© New Zealand Broadcasting School 2022

Pictures speaking louder than words

Violet French
headstone flowers
Flowers laid by loved ones  Provided

Death during lockdown has meant that some families have been offered photographs of their loved ones in their resting state.

Rowena O'Neil's grandfather Gerald was ailing in a rest home when the Delta outbreak plunged the nation into a level four lockdown. Just two days later, he passed away. 

O'Neil has referred to the situation her family find themselves in as "sad and surreal". She says "dying isn't a simple thing", adding the family is dealing with a 'tonne' of paperwork from lawyers and the funeral home. 

While O'Neil says her and her mother felt a sense of relief, not having to organise a funeral, they were confronted by another reality. After his passing, they were unable to view Gerald's body. Instead, photographs of him "in his coffin,(and) being wheeled into the hearse", were offered. O'Neil and her mother refused.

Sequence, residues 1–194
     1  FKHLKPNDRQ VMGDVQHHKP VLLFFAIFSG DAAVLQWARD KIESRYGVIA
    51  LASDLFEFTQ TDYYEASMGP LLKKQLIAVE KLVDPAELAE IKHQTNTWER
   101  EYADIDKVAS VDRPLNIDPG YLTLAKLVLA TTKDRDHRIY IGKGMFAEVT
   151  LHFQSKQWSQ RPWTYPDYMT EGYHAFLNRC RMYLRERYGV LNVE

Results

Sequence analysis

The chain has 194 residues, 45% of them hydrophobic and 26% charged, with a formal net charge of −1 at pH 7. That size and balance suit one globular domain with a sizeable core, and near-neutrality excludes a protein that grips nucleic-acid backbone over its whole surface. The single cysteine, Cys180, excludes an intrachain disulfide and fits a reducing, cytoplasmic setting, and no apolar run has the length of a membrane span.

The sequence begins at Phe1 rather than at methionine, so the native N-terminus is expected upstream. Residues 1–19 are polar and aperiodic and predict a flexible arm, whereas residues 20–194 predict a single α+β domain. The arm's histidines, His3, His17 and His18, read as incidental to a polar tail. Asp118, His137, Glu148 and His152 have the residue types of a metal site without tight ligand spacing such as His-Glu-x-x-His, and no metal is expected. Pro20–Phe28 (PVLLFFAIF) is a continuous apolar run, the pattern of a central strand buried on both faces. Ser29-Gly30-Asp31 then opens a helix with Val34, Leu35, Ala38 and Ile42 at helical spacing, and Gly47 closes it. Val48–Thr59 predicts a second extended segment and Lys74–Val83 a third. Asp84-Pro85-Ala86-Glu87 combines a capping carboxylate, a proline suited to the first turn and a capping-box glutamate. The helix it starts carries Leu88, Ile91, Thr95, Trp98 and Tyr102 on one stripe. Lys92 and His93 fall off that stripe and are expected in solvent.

Despite the unusual aspects of what's already a deeply emotional O'Neil says she and her family are coping, but eagerly await level three to be able to mourn together. But for now, "nothing happens".

"You don't have the usual movements of coming together with family and talking with people experiencing the same grief", she says.  

O'Neil says while it's been difficult, she's gained a "new perspective of others who've gone through loss in lockdown. We sacrifice a lot to keep everyone safe."